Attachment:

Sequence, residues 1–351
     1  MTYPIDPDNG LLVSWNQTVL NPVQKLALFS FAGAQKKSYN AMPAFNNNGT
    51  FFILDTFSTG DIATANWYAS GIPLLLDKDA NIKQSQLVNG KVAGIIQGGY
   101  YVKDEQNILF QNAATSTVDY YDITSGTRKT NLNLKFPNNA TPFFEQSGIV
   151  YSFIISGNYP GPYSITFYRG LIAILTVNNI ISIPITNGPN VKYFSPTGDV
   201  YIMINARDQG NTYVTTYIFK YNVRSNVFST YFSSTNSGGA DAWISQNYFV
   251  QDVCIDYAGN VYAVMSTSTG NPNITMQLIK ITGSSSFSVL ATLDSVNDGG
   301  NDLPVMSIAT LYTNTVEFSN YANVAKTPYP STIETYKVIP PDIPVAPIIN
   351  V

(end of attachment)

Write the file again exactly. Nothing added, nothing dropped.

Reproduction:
Sequence, residues 1–351
     1  MTYPIDPDNG LLVSWNQTVL NPVQKLALFS FAGAQKKSYN AMPAFNNNGT
    51  FFILDTFSTG DIATANWYAS GIPLLLDKDA NIKQSQLVNG KVAGIIQGGY
   101  YVKDEQNILF QNAATSTVDY YDITSGTRKT NLNLKFPNNA TPFFEQSGIV
   151  YSFIISGNYP GPYSITFYRG LIAILTVNNI ISIPITNGPN VKYFSPTGDV
   201  YIMINARDQG NTYVTTYIFK YNVRSNVFST YFSSTNSGGA DAWISQNYFV
   251  QDVCIDYAGN VYAVMSTSTG NPNITMQLIK ITGSSSFSVL ATLDSVNDGG
   301  NDLPVMSIAT LYTNTVEFSN YANVAKTPYP STIETYKVIP PDIPVAPIIN
   351  V